Using Thermography to Evaluate the Effects of Arm Flexion and Loading on the Anterior Deltoid during a Simulated Overhead Task
Bertmaring, Ian Christopher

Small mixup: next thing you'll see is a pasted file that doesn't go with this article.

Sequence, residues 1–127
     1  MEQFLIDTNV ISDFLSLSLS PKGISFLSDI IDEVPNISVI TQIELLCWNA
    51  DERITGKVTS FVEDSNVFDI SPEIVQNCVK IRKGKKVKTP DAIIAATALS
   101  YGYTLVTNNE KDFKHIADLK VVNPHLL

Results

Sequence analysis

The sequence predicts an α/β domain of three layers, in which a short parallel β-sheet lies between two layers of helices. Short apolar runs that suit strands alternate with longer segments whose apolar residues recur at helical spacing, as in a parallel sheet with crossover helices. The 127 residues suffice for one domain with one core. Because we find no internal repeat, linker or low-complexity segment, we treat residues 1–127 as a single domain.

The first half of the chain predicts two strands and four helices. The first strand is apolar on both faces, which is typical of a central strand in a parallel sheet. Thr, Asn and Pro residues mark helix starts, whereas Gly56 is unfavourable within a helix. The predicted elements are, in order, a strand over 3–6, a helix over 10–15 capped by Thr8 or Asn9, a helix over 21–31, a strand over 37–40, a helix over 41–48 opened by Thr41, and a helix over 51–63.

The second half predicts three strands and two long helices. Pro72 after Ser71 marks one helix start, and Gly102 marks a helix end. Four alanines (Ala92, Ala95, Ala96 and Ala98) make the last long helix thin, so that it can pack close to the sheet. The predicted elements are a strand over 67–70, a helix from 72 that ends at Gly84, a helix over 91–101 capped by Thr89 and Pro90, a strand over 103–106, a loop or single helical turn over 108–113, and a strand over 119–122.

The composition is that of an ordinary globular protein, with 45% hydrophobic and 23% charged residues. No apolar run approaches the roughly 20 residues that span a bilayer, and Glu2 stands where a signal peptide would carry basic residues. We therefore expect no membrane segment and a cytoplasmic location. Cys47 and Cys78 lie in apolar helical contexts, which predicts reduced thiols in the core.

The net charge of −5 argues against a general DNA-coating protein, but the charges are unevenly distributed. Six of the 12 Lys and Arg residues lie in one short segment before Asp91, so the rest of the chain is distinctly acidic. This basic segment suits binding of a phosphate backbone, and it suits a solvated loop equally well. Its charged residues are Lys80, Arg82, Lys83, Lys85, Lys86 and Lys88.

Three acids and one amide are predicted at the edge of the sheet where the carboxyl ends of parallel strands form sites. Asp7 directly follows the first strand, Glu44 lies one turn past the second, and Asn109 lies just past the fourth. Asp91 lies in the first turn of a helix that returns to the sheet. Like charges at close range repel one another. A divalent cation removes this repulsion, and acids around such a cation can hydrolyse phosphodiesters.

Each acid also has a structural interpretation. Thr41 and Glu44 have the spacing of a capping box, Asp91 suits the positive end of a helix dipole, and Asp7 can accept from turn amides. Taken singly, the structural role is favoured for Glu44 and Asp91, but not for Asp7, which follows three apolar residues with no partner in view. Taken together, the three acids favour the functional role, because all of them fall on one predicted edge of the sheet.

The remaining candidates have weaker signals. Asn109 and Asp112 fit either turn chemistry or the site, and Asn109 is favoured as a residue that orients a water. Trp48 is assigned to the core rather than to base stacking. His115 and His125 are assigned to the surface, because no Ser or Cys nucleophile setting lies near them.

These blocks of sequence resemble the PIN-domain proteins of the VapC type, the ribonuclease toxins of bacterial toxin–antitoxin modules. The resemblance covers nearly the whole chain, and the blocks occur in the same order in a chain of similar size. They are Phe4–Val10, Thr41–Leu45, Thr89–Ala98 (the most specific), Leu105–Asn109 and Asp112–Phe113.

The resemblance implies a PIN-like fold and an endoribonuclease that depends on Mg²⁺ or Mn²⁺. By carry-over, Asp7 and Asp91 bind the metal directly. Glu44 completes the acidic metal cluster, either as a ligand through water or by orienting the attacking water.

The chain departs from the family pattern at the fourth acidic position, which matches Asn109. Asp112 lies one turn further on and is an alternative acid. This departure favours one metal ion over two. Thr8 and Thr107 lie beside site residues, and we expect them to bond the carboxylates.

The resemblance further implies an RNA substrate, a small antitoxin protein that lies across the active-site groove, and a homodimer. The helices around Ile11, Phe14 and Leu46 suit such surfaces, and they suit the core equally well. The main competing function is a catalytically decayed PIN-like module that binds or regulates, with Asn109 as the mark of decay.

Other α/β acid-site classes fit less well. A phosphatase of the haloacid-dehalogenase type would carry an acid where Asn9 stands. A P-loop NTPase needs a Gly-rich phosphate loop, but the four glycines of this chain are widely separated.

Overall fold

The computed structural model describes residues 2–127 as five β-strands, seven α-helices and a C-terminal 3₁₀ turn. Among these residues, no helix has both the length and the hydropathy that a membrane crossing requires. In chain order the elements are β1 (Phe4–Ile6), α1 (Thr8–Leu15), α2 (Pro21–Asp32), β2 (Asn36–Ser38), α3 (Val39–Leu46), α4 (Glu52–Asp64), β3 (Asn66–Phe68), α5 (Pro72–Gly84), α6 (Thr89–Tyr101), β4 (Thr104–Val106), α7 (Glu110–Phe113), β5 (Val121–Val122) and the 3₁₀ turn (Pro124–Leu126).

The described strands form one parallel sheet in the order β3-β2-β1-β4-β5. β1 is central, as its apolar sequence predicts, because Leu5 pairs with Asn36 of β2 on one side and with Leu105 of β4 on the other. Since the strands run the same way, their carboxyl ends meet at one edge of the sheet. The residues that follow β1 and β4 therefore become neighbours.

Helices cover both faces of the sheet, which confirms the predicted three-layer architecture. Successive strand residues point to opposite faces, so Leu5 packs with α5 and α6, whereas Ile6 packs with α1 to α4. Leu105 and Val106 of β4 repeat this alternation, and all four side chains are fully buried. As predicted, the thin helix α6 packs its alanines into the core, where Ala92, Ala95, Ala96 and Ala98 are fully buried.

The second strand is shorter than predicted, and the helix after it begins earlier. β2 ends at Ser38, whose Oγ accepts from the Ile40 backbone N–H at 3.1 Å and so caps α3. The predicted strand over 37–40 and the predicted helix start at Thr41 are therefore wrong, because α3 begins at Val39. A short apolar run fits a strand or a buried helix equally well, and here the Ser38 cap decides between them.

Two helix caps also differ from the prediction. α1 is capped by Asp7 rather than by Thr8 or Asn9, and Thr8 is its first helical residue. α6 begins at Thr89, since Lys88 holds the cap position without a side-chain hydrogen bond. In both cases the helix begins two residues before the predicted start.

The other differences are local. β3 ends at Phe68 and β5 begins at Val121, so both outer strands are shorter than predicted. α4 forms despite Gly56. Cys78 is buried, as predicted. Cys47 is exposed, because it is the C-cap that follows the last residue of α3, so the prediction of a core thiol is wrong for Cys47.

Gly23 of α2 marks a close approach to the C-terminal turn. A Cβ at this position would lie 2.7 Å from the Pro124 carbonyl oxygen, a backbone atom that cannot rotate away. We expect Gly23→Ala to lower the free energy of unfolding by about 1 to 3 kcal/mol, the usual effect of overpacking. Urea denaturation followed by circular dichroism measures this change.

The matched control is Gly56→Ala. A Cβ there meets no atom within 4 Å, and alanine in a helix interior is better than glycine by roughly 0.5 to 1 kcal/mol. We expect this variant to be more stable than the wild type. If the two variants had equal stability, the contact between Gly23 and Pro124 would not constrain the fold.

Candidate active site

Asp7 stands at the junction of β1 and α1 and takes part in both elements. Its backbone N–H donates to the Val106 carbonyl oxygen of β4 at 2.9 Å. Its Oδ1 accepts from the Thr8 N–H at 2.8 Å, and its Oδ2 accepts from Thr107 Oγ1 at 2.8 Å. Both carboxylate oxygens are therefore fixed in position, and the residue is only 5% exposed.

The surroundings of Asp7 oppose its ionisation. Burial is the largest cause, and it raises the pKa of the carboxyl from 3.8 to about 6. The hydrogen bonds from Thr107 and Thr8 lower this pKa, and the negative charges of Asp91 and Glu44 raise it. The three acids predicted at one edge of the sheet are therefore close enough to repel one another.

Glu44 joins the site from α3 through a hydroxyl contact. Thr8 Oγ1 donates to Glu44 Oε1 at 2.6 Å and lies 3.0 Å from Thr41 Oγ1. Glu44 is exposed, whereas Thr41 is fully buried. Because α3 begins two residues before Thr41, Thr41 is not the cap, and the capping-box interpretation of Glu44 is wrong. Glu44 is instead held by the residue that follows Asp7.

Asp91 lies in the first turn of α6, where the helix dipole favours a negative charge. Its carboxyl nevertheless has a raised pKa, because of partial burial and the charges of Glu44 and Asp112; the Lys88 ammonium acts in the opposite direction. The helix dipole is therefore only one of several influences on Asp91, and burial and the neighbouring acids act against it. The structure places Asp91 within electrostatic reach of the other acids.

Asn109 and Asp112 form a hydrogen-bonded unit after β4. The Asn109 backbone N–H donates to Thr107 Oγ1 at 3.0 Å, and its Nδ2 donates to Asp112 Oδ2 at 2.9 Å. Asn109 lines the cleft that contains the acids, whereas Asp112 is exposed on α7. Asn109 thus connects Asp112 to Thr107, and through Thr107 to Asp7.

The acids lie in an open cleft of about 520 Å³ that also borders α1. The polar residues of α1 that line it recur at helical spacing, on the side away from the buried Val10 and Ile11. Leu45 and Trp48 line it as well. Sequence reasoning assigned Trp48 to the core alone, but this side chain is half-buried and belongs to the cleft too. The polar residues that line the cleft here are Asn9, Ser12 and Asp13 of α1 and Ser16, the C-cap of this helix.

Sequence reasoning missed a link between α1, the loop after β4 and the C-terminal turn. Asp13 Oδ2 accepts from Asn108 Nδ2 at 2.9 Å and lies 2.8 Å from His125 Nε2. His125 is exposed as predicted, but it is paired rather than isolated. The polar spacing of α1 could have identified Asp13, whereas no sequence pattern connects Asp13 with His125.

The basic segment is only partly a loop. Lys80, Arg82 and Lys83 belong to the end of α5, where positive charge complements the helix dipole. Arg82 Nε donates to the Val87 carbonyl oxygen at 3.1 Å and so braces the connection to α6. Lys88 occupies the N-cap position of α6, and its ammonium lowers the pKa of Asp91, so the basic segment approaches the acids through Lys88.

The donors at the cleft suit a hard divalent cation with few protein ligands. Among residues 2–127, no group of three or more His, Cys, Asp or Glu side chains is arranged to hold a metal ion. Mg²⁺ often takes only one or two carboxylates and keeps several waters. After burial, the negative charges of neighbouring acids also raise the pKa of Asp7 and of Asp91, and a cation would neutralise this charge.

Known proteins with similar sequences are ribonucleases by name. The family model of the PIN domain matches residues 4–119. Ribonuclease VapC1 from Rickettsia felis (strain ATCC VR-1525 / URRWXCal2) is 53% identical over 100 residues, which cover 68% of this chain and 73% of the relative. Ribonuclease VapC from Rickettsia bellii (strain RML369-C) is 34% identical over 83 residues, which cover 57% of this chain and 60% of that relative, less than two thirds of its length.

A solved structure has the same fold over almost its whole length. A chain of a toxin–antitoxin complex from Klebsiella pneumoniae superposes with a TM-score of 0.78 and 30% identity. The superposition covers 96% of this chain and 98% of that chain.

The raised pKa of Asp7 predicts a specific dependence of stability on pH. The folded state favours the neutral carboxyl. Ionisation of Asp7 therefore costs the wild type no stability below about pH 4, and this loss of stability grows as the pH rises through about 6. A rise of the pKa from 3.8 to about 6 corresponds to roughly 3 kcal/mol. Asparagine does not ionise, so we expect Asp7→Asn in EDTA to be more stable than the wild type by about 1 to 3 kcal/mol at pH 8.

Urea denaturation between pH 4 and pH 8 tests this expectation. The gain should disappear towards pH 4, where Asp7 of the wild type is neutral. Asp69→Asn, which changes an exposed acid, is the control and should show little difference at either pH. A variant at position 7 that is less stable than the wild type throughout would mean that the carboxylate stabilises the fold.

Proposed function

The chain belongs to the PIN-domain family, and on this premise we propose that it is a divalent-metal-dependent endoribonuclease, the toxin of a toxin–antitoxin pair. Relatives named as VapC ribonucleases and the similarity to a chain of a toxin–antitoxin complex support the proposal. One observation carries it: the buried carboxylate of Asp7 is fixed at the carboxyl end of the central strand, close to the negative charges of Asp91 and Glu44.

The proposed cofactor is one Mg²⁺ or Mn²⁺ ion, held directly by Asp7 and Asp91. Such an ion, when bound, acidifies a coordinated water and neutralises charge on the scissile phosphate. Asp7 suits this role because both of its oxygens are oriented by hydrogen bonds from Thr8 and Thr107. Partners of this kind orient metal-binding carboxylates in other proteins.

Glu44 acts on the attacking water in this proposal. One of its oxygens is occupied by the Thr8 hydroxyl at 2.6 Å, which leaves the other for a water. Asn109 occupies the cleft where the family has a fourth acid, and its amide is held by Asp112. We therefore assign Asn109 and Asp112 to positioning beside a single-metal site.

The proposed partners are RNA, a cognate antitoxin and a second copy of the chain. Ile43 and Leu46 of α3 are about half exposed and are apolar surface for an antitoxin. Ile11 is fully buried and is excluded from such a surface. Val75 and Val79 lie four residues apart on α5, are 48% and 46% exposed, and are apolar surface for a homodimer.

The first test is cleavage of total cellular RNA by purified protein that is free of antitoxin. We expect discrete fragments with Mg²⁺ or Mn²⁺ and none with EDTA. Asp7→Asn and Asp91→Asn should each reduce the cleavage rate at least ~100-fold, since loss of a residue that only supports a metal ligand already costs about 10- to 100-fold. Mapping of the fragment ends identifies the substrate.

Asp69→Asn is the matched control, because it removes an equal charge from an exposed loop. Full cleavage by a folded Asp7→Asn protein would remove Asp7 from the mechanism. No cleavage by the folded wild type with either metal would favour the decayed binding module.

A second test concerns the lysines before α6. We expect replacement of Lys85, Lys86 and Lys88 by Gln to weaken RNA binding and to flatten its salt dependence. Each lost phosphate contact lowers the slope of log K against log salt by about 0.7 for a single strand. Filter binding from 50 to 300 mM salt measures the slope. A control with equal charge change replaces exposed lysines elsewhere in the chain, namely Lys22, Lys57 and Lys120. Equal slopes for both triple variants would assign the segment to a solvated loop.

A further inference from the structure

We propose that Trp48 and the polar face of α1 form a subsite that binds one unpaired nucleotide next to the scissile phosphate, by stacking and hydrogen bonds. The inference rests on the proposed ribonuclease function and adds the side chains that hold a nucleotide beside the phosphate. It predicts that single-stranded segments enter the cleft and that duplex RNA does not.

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Shoulder injuries are a focus of work related musculoskeletal disorder (WMSD) research due to rising healthcare costs, an aging workforce, and long recovery times. Substantial research has been performed in the area of shoulder WMSDs and a number of risk factors have been implicated in their development; including static loads, repetition, and deviated posture. However, knowledge of underlying pathophysiological mechanisms is limited. Thermography provides a non-invasive technique that may offer clues to unknown physiological markers associated with injury development during job task performance. The objective of this study was to quantify anterior deltoid surface temperature changes as function of changing task demands. Skin surface temperature changes of the anterior deltoid, modified Borg CR-10 ratings, and endurance time during overhead static exertions until exhaustion for two work loads (15 and 30% MVC) and shoulder angles (90o and 115o) were quantified. Ten participants (5 males and 5 females) participated in the study and were free of confounding conditions (such as chronic or acute shoulder injury) and were required to meet body fat percentile requirements. Thermography showed that the higher shoulder angle had a reduced blood flow while there were no differences in temperature for exertion. Modified Borg ratings were not found to be well correlated with temperature values. The findings suggest that workers performing overhead work should minimize their deviated posture when available to prevent a high risk of developing a shoulder WMSD.
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